New Book Satirizes Ethics at Business Mags

With all the recent posts on this blog about ethics, it's fitting that we recently received a press release on this book by pseudonymous author Python Bonkers. The press release mentions ASBPE's ethics survey:
A new novel, with a somewhat deceiving title (A Million Little Pieces of Feces - the fake memoir that is so much more fun than James Frey's) -- echoing a different, recent ethical publishing dilemma -- satirizes the compromised ethics at play in the fictional offices of American Tractor Times magazine. This trade magazine's office environment is a textbook illustration of the breakdown in barriers between the advertising and editorial departments.

ASBPE's (American Society of Business Publication Editors) recent member survey highlighted this rampant problem, with 92 percent of respondents expressing a need for editorial ethics guidelines. Among those respondents who indicated that their magazine already had an ethical code in place, 70 percent indicated that they faced no consequence for violating it. Other hot button issues addressed in the survey -- including the acceptance of gifts and the fact that 43 percent of editors are unhappy with their jobs, partially over ethics issues -- are also satirized in the book.

PC World Accused of Inflating Circ

I was dismayed to read in Folio: magazine that PC World is being sued for allegedly inflating its circulation numbers.

PC World is part of IDG, which I've always considered to be a trustworthy brand. Its publications tend to be notable for their editorial quality. Many of them have repeatedly won ASBPE awards, and company founder Pat McGovern was ASBPE's 2004 Lifetime Achievement Award winner, largely due to his reputation for editorial integrity. (PC World is also one of the few B2B pubs to post its code of editorial ethics — the code for all IDG publications — on its site.)

If the allegations in the lawsuit are proved true, not only will PC World's business practices be impugned, but its editorial integrity is likely to be doubted as well. IDG is famous for having magazines that act almost as separate companies, but if the case ends with a verdict agains PC World, the reputation of all IDG publications will likely suffer as a result.

May 11: Hone Your Editing Skills

Media Bistro is hosting a Grammar, Usage, and Style Tuneup in Boston on Thursday, May 11. From the web page:
In this class, you can expect to learn:
  • Handy tricks for remembering some of the stickier rules

  • How to adjust your level of "interference" in a document, depending on the type of text and the target audience

  • What kind of error to query and what to just fix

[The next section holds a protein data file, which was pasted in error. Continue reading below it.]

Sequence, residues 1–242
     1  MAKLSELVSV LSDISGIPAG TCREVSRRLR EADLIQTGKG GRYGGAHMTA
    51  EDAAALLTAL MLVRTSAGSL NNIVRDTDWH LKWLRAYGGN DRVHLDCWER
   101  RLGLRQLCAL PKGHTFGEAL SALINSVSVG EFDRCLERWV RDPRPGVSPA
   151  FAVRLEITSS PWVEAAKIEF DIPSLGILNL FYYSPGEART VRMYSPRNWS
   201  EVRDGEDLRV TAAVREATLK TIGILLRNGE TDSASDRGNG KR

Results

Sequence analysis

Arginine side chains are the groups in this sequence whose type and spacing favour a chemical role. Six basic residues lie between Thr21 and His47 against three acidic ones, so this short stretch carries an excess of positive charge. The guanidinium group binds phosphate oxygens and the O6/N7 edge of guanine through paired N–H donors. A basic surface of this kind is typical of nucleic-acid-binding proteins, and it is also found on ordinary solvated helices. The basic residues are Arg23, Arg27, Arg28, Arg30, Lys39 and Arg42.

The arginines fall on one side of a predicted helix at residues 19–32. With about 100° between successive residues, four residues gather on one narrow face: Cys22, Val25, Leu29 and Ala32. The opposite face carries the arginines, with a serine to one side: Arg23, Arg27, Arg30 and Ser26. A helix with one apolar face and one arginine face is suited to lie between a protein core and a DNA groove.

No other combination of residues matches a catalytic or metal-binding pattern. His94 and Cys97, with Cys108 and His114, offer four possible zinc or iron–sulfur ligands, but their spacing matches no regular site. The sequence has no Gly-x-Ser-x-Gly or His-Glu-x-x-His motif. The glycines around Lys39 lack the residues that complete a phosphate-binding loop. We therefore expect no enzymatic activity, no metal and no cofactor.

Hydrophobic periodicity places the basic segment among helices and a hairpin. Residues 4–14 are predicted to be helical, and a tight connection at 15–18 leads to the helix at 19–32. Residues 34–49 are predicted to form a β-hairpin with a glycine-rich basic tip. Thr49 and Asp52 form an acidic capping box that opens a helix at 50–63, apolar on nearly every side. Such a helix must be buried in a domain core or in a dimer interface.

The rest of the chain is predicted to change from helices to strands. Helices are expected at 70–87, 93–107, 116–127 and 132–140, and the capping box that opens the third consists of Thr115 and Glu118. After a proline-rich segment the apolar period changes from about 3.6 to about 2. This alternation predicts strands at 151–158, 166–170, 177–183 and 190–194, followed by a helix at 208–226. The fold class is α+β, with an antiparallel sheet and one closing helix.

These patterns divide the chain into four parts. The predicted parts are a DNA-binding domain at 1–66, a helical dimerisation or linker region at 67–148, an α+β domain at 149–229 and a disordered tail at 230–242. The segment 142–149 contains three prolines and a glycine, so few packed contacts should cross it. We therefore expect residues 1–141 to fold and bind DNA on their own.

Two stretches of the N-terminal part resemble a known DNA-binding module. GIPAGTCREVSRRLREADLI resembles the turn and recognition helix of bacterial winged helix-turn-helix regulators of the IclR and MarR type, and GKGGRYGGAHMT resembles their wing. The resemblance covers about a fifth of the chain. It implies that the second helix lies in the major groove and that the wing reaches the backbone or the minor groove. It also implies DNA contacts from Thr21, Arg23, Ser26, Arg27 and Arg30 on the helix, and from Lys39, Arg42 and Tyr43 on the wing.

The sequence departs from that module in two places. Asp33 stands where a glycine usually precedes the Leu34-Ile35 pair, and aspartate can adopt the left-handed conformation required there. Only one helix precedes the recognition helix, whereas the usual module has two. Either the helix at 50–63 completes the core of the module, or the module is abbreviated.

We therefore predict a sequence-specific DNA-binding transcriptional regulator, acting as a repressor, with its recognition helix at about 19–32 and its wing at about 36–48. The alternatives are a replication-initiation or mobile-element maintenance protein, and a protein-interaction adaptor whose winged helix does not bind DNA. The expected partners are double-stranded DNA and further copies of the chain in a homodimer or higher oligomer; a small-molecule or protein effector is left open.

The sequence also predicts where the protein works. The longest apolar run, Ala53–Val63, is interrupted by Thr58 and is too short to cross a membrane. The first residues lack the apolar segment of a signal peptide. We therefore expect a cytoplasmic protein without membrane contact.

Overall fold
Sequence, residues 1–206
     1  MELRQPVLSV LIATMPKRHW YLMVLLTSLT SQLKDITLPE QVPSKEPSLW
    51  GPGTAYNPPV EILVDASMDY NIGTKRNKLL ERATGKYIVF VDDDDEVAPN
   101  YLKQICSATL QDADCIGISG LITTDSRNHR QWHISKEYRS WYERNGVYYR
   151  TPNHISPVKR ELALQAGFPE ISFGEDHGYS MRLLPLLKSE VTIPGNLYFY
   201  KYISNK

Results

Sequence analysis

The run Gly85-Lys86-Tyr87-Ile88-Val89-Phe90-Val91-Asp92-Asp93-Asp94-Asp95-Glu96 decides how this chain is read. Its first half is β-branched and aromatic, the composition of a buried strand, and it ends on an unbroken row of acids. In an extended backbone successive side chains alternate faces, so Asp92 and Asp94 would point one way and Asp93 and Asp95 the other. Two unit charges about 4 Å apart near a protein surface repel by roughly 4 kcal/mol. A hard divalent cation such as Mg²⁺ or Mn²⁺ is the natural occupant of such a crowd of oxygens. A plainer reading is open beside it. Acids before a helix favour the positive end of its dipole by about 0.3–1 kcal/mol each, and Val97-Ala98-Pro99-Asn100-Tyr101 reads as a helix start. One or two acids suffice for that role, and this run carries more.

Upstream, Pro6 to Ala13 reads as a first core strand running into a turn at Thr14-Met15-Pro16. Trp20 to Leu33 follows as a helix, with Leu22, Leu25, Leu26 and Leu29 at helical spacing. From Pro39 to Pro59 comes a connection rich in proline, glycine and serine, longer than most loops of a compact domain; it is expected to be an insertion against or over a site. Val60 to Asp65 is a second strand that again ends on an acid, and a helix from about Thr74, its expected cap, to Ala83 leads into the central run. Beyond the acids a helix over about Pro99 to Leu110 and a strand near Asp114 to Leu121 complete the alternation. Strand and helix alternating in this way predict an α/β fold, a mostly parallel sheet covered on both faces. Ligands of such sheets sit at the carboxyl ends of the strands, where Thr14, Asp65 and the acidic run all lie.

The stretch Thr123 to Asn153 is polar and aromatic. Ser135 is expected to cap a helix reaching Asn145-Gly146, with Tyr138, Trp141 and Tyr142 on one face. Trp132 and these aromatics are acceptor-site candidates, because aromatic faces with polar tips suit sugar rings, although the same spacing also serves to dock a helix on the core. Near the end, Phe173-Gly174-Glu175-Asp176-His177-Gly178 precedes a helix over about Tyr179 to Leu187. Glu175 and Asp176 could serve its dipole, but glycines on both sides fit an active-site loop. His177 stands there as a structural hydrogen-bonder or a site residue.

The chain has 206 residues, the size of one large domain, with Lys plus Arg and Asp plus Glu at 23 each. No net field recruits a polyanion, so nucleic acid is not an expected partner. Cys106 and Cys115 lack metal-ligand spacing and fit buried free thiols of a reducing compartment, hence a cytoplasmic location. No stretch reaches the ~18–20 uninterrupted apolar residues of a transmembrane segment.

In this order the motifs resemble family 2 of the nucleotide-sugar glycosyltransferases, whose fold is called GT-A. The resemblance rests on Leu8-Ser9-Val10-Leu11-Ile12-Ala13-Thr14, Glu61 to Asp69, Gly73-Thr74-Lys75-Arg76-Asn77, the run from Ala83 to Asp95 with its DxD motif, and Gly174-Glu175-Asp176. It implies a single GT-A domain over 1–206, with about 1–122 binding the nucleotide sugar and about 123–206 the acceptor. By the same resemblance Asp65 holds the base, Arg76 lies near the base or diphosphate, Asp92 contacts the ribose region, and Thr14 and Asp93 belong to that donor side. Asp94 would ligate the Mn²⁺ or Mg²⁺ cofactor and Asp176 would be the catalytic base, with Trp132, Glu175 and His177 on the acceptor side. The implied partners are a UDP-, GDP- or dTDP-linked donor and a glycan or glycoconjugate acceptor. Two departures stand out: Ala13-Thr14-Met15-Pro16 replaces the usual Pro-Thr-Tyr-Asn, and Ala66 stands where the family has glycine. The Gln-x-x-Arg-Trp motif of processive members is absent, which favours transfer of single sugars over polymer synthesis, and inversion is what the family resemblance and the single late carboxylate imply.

• The best print and online resources for grammar, usage, and style guidance

  • How to make judgment calls with confidence when your usage and style manuals offer conflicting advice
(And for any aspiring fiction writers out there: Media Bistro is also offering a class in Cambridge on May 24 on Using Plot to Structure Your Fiction.)

Online Tool Helps Support Ethical Decision-Making

Here's a potentially useful resource: The American Society of Newspaper Editors and The Poynter Institute offer an online Ethics Tool designed to guide you through a solution to an ethical problem. The tool poses a series of questions and then compiles your responses into a printable document you can use to analyze the problem.

In light of ASBPE's ethics survey results showing that a significant number of B2B editors feel their publications "only sometimes" back them on ethical issues, it seems as if this tool could be useful. For instance, an editor could use it to help map out an argument to convince managers that an ethical dilemma does, in fact, exist. And it couldn't hurt to be able to point out that two respected organizations, ASNE and Poynter, created the standards used in the decision-making process.

In order to protect your confidentiality, you must be a registered Poynter user to use the tool (registration is free). Once you've answered the initial questions, you can invite other staff members will be able to collaborate on the project and upload relevant documents if they register too; only you and those invited by you are able to see your case information. But if you'd rather skip the online process and just work out your problem on paper, you can do that by printing out this questionnaire. The questionnaire is directed toward deciding whether or not to publish information; it doesn't sem to have been designed to answer questions such as whether it's ethical to sell ad space on a gatefold cover.

If anyone has actually used the ASNE/Poynter Ethics Tool — especially the online, collaborative version — I'd be curious to hear whether it was helpful. You can leave a comment to this post or email me.